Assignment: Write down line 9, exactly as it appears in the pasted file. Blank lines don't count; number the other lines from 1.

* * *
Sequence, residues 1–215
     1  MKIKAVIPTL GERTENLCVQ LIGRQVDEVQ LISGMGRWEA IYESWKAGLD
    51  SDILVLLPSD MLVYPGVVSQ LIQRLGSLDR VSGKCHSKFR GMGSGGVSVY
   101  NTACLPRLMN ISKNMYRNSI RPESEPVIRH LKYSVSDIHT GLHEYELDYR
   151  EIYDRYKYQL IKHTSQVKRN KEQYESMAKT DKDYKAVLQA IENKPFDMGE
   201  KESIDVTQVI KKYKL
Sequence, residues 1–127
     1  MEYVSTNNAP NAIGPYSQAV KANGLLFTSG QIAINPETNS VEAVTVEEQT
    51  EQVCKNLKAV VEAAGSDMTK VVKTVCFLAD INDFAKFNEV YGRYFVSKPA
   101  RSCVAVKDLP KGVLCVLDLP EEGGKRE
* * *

    51  EQVCKNLKAV VEAAGSDMTK VVKTVCFLAD INDFAKFNEV YGRYFVSKPA